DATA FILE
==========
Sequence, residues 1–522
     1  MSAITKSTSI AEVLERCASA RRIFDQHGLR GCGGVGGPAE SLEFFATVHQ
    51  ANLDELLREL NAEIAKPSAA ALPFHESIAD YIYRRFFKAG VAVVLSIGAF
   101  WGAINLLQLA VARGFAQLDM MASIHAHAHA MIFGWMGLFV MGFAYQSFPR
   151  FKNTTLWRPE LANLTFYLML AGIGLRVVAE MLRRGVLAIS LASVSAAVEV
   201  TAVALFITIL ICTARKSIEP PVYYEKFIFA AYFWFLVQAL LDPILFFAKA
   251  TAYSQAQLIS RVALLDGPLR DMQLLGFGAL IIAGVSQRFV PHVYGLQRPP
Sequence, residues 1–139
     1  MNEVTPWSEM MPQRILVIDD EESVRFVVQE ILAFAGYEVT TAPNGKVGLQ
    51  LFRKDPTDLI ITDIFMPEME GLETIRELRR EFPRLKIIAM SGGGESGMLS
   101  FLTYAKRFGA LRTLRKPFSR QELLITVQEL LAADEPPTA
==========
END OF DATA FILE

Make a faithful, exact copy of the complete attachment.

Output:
Sequence, residues 1–522
     1  MSAITKSTSI AEVLERCASA RRIFDQHGLR GCGGVGGPAE SLEFFATVHQ
    51  ANLDELLREL NAEIAKPSAA ALPFHESIAD YIYRRFFKAG VAVVLSIGAF
   101  WGAINLLQLA VARGFAQLDM MASIHAHAHA MIFGWMGLFV MGFAYQSFPR
   151  FKNTTLWRPE LANLTFYLML AGIGLRVVAE MLRRGVLAIS LASVSAAVEV
   201  TAVALFITIL ICTARKSIEP PVYYEKFIFA AYFWFLVQAL LDPILFFAKA
   251  TAYSQAQLIS RVALLDGPLR DMQLLGFGAL IIAGVSQRFV PHVYGLQRPP
Sequence, residues 1–139
     1  MNEVTPWSEM MPQRILVIDD EESVRFVVQE ILAFAGYEVT TAPNGKVGLQ
    51  LFRKDPTDLI ITDIFMPEME GLETIRELRR EFPRLKIIAM SGGGESGMLS
   101  FLTYAKRFGA LRTLRKPFSR QELLITVQEL LAADEPPTA